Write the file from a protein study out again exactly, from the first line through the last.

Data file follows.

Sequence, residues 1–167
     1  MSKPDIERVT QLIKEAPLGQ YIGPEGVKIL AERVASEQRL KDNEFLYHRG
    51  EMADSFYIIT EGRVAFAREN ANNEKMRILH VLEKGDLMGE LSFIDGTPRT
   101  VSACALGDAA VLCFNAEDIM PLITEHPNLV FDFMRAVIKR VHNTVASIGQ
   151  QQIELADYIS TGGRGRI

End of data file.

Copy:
Sequence, residues 1–167
     1  MSKPDIERVT QLIKEAPLGQ YIGPEGVKIL AERVASEQRL KDNEFLYHRG
    51  EMADSFYIIT EGRVAFAREN ANNEKMRILH VLEKGDLMGE LSFIDGTPRT
   101  VSACALGDAA VLCFNAEDIM PLITEHPNLV FDFMRAVIKR VHNTVASIGQ
   151  QQIELADYIS TGGRGRI